It's In His Kiss, by Julia Quinn

>> Wednesday, August 17, 2005

Julia Quinn's one of my few autobuy authors. I'm one of those who absolutely loved her turn into angstier writing, with her last two Bridgerton books, so I wanted to read book # 7, It's In His Kiss, as soon as possible.

Gareth St. Clair is in a bind. His father, who detests him, is determined to beggar the St. Clair estates and ruin his inheritance. Gareth’s sole bequest is an old family diary, which may or may not contain the secrets of his past… and the key to his future. The problem is--it’s written in Italian, of which Gareth speaks not a word.

All the ton agreed: there was no one quite like Hyacinth Bridgerton. She’s fiendishly smart, devilishly outspoken and according to Gareth, probably best in small doses. But there’s something about her--something charming and vexing--that grabs him and won’t quite let go…

Or don’t. But rest assured, he’s spinning in his grave when Gareth and Hyacinth cross paths at the annual--an annually discordant--Smythe-Smith musicale. To Hyacinth, Gareth’s every word seems a dare, and she offers to translate his diary, even though her Italian is slightly less than perfect. But as they delve into the mysterious text, they discover that the answers they seek lie not in the diary, but in each other… and that there is nothing as simple--or as complicated--as a single, perfect kiss.
IIHK had none of the angst I was expecting. Which isn't a bad thing at all, really, since I do like Julia Quinn when she does "light and frothy". It's what so many new authors try for and fail at doing, because while JQ does light and frothy at style, she doesn't skimp on the substance. A B+.

This style I mention was truly delightful. The dialogue sparkles, and so does the narration. I was especially charmed by the little intros at the top of each chapter. They provided quite a few chuckles.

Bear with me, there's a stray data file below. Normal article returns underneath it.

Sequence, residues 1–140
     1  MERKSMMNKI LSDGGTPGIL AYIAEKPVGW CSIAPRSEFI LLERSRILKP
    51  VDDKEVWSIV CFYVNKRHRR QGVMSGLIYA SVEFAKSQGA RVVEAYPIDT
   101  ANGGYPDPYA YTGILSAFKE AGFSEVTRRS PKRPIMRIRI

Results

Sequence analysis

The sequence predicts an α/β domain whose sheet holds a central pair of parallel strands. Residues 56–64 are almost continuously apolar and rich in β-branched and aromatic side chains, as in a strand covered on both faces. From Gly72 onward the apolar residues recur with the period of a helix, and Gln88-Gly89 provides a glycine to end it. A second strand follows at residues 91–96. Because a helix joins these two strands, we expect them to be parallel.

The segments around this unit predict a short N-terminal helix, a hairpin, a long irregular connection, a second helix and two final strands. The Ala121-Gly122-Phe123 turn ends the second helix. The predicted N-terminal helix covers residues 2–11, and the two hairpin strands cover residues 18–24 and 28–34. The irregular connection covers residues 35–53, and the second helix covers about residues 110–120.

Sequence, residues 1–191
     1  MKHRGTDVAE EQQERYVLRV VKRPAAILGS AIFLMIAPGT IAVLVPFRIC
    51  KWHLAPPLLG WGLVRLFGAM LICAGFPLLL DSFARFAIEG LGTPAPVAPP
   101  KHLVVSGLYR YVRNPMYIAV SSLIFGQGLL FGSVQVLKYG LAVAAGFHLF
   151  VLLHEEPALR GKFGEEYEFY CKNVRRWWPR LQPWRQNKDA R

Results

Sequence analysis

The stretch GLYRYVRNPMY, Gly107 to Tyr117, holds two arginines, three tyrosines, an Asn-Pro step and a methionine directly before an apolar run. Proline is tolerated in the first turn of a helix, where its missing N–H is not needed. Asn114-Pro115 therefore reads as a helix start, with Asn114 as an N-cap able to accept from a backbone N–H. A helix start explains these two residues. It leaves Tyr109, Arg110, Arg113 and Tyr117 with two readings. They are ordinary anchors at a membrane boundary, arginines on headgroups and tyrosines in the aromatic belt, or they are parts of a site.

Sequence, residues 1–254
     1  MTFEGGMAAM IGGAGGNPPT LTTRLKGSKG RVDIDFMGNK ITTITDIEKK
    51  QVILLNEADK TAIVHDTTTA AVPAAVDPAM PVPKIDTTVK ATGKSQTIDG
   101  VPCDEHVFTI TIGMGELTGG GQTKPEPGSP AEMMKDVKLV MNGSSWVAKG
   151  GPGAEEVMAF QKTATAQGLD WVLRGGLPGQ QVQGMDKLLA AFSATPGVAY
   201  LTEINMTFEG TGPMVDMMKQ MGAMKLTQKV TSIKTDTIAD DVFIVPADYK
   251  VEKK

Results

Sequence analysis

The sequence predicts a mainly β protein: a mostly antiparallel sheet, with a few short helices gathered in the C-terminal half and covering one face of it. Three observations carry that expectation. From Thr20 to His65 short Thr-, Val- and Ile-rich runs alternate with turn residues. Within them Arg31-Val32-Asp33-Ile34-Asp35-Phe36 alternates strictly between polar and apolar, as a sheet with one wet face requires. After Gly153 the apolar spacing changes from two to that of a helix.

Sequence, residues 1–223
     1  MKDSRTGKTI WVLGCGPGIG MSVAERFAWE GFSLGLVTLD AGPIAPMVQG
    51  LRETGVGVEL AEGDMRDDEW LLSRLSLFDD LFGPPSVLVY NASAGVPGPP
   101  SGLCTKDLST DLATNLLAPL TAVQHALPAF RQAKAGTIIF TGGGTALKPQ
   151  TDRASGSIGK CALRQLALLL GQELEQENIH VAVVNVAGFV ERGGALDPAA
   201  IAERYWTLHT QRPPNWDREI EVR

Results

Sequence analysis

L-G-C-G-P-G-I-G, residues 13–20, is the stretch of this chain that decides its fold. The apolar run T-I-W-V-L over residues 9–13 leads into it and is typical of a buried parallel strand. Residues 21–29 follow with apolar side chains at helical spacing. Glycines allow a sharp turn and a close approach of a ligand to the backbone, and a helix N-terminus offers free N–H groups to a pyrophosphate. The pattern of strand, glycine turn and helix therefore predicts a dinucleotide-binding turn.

As for the romance, it was very nice. I was surprised at how much of a conventional path Gareth and Hyacinth's courtship followed. It's funny, because while what happened with them (they meet, get to know each other and, after no more than a couple of kisses, they decide they like each other enough to get married) must have been pretty frequent in non-dynastic matches, it so seldom happens in romance novels. There's always something like our protagonists pretending to be engaged, or deciding to be lovers and not wanting to marry until they have to, or the hero proposing to get revenge against someone, stuff like that. Not here. Other than some inappropriate visits from Hyancinth (more on that later), these two were surprisingly proper up until their engagement.

I especially liked the direction the story went in near the end, when a teeny bit of angst did enter it, as Hyacinth got suspicious about Gareth's motives for marrying her.

The weak point of the story was all the running around looking for the jewels, searching Gareth's father's house and all that. It wasn't offensive, but I just thought it was a bit pointless and boring. Other than that, a good, feel-good book. Oh, and I loved Lady Danbury!


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